I had only read two books of Oliver Sacks till I read “Hallucinations”. He was high on the reading radar but again there were other authors who took more preference. However, after reading Hallucinations that will not be the case anymore. “Hallucinations” is a different kind of book for me, because I have never read something like this in the past.

One doesn’t know more about any topic till one starts reading about it. We all think that hallucinations happen to those who are slightly mentally imbalanced or have become senile. However, that is not the case. Most people do not even know they are hallucinating at times. And if they do, they probably think they are crazy and therefore do not discuss this with anyone.

Oliver Sacks has taken this concept and given it a whole new perspective (which he always does with his books). The book is divided into fifteen chapters and each chapter is full of anecdotes and its relation to medicine. Sacks writes about the “Charles Bonnet Syndrome”, which was a new one for a layman like me. The condition more popularly known as CBS occurs when the brain is deprived of perceptual information and that is how people hallucinate. As Sacks also says that for every perception there are hallucinations. So this made perfect sense to me. There is a lot of insight into concepts such as “Auditory Hallucinations”, “Religious visions” and “Visions of oneself” (which I found most interesting).

The book makes you understand the reasons behind visions, the so called phantoms of the brains. The unknown territories and how this impacts everyday living. The thing with Oliver Sacks’ writing is that he can turn everything and anything to an interesting read. The book isn’t an academic work, so the understanding of concepts is crystal clear or at least was for me. Oliver Sacks has drawn extensively on his personal interactions with patients, medical reports and artistic references. There is this holistic perspective in this book.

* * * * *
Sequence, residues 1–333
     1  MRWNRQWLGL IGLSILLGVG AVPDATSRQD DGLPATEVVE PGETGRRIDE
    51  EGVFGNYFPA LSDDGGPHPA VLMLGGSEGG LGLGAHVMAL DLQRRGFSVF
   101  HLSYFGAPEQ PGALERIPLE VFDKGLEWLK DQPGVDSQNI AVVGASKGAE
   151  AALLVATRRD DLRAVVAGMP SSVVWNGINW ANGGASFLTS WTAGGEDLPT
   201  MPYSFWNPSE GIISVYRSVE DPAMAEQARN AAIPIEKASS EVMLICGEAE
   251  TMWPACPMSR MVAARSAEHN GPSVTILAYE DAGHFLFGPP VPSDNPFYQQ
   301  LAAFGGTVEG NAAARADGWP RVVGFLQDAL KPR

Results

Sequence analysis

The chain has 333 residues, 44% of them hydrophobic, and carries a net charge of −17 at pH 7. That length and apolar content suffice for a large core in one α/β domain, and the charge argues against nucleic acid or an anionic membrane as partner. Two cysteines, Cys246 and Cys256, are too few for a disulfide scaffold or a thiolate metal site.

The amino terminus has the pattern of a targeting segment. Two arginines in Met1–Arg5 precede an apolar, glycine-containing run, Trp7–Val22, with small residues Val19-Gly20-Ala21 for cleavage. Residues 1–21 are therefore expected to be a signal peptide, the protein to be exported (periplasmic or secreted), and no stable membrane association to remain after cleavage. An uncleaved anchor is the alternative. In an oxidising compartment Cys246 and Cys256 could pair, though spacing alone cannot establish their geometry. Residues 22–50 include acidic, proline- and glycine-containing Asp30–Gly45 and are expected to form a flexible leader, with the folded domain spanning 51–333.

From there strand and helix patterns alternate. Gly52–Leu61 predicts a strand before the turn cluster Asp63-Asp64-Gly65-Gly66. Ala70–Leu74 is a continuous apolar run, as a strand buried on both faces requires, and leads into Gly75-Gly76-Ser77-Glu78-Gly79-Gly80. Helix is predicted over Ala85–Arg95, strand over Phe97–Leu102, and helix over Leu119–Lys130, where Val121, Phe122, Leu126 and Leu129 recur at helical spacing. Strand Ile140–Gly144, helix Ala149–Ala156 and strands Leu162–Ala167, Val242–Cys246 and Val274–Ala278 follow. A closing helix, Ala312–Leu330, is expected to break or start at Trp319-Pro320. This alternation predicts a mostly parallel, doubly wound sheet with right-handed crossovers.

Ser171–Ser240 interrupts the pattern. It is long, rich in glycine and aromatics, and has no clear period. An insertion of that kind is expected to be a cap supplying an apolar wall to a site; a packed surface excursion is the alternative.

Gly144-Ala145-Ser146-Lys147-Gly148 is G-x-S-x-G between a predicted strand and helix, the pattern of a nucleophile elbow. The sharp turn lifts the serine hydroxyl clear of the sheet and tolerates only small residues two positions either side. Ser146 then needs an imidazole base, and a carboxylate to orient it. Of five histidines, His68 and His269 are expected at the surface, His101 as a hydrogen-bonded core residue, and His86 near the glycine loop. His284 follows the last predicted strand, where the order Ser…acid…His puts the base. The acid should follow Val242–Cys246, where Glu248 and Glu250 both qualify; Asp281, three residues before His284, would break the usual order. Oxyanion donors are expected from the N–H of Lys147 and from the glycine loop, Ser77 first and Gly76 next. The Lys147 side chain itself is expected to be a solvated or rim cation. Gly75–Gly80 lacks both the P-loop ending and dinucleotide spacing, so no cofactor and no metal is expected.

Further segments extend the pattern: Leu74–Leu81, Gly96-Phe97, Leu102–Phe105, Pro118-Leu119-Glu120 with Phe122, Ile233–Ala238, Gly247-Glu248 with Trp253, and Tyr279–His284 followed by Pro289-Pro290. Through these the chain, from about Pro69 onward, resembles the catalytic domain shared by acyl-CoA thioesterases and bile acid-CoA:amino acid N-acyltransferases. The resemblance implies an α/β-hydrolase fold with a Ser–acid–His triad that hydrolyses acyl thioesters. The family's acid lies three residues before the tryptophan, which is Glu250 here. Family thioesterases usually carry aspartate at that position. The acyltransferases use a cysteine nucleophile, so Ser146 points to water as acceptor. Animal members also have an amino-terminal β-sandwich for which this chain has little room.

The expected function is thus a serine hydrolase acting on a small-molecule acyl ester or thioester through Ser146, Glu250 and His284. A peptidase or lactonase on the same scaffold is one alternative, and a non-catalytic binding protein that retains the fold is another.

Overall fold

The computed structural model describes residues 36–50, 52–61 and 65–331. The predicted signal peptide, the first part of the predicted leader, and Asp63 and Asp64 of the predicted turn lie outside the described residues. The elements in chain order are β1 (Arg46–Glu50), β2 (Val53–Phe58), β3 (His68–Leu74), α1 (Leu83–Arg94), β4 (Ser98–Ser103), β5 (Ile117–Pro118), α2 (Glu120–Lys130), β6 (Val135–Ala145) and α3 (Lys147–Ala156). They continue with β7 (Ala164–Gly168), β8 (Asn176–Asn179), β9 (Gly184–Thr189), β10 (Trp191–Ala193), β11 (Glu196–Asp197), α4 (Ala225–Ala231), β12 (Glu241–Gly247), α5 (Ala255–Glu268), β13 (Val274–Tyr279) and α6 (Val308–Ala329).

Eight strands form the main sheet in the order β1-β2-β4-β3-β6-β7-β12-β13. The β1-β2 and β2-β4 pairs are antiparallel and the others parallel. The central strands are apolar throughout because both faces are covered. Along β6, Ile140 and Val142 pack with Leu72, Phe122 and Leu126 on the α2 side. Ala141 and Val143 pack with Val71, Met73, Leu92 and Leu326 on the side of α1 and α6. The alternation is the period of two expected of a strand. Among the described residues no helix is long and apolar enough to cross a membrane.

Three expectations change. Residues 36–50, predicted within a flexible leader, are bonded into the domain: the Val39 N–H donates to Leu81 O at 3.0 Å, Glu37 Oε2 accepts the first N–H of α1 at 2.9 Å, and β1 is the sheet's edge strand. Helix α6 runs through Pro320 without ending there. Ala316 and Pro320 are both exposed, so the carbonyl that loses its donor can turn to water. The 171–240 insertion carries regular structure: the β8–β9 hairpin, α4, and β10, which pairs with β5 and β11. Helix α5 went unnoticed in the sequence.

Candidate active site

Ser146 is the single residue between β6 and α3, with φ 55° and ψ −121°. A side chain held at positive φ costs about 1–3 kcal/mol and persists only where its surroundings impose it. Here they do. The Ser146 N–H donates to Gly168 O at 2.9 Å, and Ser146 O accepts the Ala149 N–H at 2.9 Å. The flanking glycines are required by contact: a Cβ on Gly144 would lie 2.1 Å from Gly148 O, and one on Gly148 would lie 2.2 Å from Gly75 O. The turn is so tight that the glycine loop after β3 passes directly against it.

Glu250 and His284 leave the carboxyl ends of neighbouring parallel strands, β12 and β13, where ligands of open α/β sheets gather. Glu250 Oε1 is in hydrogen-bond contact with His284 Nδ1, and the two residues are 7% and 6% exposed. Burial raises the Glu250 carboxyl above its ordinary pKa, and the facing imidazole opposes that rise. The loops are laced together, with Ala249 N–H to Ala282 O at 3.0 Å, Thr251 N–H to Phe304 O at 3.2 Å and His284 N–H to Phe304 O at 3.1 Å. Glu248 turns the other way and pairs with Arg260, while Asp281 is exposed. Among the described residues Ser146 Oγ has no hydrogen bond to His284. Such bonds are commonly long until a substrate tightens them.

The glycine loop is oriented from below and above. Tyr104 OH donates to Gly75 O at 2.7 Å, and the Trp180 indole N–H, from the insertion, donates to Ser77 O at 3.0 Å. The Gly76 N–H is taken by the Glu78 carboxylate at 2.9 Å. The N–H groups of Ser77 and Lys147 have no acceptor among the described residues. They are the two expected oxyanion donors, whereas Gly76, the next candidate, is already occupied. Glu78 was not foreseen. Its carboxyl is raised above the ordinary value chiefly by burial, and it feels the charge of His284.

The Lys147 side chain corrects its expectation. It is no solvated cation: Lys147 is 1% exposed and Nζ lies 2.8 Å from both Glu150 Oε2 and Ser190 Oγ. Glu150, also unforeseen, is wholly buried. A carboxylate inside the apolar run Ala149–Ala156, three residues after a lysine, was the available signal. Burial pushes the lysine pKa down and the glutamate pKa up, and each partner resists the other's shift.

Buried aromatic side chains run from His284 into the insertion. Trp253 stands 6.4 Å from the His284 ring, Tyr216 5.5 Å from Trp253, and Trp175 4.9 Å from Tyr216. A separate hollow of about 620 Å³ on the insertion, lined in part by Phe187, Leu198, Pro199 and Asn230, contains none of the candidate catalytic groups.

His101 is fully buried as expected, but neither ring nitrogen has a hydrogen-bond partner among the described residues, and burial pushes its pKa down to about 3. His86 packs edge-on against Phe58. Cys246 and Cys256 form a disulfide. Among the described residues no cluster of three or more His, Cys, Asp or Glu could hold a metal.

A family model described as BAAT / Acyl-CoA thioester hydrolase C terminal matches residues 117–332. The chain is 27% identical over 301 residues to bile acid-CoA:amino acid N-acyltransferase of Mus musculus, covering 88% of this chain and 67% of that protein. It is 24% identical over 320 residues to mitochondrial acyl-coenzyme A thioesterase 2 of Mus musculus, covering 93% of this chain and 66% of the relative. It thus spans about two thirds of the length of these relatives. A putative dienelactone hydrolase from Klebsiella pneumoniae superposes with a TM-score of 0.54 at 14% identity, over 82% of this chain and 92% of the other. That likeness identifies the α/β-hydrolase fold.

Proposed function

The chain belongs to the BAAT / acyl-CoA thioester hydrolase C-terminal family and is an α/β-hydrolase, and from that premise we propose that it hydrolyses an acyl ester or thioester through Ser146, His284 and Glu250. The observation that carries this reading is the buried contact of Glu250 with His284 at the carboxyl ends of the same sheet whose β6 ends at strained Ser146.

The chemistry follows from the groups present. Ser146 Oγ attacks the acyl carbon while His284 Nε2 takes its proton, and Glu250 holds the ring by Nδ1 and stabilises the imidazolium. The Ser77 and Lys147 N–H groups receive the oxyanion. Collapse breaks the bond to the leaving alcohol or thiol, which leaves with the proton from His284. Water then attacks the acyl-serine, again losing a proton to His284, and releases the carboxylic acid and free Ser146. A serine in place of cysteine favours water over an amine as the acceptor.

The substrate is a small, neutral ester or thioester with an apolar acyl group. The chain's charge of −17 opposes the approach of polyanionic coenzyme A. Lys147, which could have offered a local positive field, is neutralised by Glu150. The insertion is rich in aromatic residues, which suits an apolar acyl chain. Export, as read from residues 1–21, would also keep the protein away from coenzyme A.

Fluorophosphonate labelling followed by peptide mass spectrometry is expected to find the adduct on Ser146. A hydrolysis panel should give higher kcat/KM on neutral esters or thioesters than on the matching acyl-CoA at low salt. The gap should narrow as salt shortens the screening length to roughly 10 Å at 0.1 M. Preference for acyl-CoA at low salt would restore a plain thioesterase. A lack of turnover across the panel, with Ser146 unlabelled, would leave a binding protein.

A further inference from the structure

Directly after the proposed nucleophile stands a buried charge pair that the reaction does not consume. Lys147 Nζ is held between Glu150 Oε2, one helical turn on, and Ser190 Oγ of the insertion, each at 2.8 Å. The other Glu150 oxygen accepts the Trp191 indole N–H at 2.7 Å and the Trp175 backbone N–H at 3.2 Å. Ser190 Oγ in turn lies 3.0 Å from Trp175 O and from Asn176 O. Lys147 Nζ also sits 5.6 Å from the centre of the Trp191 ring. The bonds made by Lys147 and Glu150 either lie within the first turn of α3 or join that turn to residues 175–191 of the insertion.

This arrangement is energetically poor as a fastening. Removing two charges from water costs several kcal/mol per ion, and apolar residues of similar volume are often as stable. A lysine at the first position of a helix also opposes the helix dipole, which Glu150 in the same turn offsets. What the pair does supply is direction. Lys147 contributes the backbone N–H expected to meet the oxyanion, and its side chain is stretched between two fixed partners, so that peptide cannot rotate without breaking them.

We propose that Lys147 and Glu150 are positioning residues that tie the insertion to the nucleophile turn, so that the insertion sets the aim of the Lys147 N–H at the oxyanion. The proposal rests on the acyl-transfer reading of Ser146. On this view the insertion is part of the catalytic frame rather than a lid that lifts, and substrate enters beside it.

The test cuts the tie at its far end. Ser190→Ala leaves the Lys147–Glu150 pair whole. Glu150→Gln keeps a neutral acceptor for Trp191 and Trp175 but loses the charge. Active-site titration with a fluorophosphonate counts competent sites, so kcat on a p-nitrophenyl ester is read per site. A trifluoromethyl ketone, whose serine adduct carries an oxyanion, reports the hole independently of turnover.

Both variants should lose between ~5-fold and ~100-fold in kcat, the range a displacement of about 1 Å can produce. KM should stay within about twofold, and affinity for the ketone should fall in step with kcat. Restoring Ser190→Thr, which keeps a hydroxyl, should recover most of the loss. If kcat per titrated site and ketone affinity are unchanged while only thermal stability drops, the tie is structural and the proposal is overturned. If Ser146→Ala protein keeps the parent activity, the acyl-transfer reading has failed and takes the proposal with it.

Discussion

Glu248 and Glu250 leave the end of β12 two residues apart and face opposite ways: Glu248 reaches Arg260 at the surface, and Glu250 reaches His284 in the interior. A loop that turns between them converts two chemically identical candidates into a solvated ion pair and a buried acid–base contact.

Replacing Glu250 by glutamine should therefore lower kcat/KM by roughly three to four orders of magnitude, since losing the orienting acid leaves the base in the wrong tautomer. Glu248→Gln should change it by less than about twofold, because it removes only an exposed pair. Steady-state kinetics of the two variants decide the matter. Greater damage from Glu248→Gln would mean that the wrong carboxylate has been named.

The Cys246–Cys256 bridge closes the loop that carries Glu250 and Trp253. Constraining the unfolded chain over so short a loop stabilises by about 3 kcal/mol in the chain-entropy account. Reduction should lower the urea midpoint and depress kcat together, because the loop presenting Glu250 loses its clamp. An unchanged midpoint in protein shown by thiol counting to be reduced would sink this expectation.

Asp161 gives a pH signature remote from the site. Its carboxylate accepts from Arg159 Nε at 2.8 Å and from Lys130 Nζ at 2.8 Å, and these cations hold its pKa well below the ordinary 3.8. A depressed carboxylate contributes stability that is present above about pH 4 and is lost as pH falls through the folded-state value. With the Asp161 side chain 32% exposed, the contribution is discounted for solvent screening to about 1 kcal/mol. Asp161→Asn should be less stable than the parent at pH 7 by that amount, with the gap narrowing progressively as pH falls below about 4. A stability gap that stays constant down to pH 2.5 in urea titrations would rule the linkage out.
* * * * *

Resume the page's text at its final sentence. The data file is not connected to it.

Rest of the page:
For me, the amount of research done while writing this book clearly shows and is the cornerstone for writing non-fiction. I have never been this taken into a book about a subject which is so unique and yet so commonplace. “Hallucinations” has been one of the great non-fiction reads for me this year and I cannot stop recommending it to more people.

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Book Review: Om Love by George Minot

Om Love by George Minot Title: Om Love
Author: George Minot
Publisher: Knopf
ISBN: 978-1400042746
Genre: Literary Fiction
Pages: 368
Source: Publisher
Rating: 4/5

Love arrives in various forms and shapes. It doesn’t know when or how either. Love stories have been written and spoken about since time immemorial. We have read so many heart-breaking novels centered on love that sometimes you wonder: Can anyone ever write something different on this topic? Can there be something else, a different dimension to it? I am glad that I read, “Om Love” by George Minot, because it was exactly what I wanted – a different love story, with all the clichés of love and how it changes our lives.

“Om Love” by George Minot is a typical love story, written differently. Billy, an artist falls in love with Amanda in a yoga class on a typical New York Day and wins her affection. They have some mind-blowing sex and further fall in love. Then Amanda discovers that she has a fatal disease. Billy takes care of her. She goes to India. She is cured to some extent and comes back only to fall ill all over again. The rest is revealed to the reader when he or she reads it (though it is made clear at the beginning anyway).

Now to why I think that this book is written differently? It is a love story, definitely so, and yet there is so much staccato to begin with. I found it difficult to start the book and somewhere down the line the unusual styles grew on me. At one point, the book almost reads like something straight out of a yoga position that is meant to give you the clarity and peace of mind at the end of it all, and yet filtered with joy, passion, anger, envy and so much love.

The tale of Billy and Amanda moves from lines and emotions all over the place to a steady stream of consciousness to a poignant end, and yet Minot does not lose sight of the big picture: Of love and its nature. I loved the writing. It is quiet like the river sometimes and sometimes it is in your face like an overblown theatrical act. Love is described but obviously through its twists and turns in almost every page. There is anxiety, patience and the knowledge of how to deal with situations at the end of it all.

“Om Love” was a quiet and sometimes yet a powerful and strange book for me. I have enjoyed every minute of reading this small marvel. At one point I was almost reminded of Proust (mainly because of the stream of consciousness bit) and loved it even more because of that. I would definitely recommend “Om Love” to whoever who wants to know more about love in fiction.